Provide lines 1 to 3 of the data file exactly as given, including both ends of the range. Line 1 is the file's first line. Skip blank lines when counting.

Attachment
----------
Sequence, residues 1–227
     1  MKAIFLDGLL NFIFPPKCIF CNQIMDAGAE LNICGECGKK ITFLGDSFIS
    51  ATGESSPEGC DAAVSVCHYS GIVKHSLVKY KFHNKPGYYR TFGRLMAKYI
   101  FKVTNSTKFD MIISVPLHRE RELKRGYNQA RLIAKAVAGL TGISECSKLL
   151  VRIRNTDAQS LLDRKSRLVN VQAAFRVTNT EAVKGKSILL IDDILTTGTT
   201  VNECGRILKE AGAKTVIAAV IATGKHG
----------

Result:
Sequence, residues 1–227
     1  MKAIFLDGLL NFIFPPKCIF CNQIMDAGAE LNICGECGKK ITFLGDSFIS
    51  ATGESSPEGC DAAVSVCHYS GIVKHSLVKY KFHNKPGYYR TFGRLMAKYI